Bullet Points: A session with Sharmeen Obaid Chinoy at the Karachi Literature Festival 2012

  • 12th February 2012. Carlton Hotel, Karachi. Day 2 of the Karachi Literature Festival 2012 (KLF)
  • The announced event with Sharmeen is supposed to start at 5 pm. I go to a volunteer at 4 pm to confirm that it is on. She tells me with surety that all sessions in the Theatre have been cancelled.
  • The skeptic in me always needs a second opinion. I ask another volunteer. He tells me it is very much on.
  • I reach the stairs leading to the theatre at around 5 minutes to 5. Many people are returning. “It’s packed. They are not letting anyone in,” they say.
  • Not giving up so easily, I climb up to the door, tell at least 6 people I am a journalist, reach the door, am relieved to find someone I know volunteering (yes, contacts work in Pakistan) who lets me in, and am inside the packed auditorium. I sit on the floor near the stage with many others. I am perhaps the last person, almost, to come in. The doors are shut.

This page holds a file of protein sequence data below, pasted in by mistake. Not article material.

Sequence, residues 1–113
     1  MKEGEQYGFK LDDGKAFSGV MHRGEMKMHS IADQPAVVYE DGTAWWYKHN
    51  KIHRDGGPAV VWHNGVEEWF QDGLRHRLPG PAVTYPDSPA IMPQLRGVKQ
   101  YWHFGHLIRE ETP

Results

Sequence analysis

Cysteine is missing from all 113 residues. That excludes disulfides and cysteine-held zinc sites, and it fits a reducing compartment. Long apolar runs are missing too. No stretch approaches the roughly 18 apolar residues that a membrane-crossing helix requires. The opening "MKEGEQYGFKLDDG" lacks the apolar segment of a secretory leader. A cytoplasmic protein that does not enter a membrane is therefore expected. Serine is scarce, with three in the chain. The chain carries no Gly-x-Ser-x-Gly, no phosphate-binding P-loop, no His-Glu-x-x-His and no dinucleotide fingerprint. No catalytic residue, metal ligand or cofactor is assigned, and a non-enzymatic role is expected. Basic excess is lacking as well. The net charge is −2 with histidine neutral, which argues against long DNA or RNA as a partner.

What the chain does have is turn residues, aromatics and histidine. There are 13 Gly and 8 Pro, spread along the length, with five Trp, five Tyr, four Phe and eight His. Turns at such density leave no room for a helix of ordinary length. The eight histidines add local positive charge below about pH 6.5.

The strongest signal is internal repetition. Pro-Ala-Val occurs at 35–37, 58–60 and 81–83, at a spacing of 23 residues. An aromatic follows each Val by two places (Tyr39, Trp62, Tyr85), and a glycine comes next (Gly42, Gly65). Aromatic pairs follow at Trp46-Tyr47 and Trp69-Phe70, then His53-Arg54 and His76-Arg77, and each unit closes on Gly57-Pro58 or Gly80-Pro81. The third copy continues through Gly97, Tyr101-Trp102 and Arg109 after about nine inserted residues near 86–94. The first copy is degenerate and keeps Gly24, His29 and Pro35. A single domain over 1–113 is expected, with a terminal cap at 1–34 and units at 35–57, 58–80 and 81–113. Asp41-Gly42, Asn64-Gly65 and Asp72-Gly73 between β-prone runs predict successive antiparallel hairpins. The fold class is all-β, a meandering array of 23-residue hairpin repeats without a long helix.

• Unlike most sessions at KLF, this one starts on time. Moderator Bilal Tanweer and Sharmeen Obaid Chinoy are already on the stage.
  • The tone of the moderator’s questions and Sharmeen’s answers is candid. Sharmeen sounds unrehearsed. Spontaneous. But some of her answers remind one of recent stuff about her in print media. Well, it IS the same person. How much novelty can one expect?
  • Clips from 5 of her documentaries, including the Oscar-nominated “Saving Face” have a powerful impact on the audience.
  • Disfigured at the hands of war, the children of Iraq; acid victims of Pakistan; the feminist movement in Saudi Arabia; bombed girls’ schools in Swat; the plight of the transgender community in Pakistan – powerful themes in each of the clips has the audience emoting and engaged. Sharmeen is very obviously pleased at the crowds’ engagement.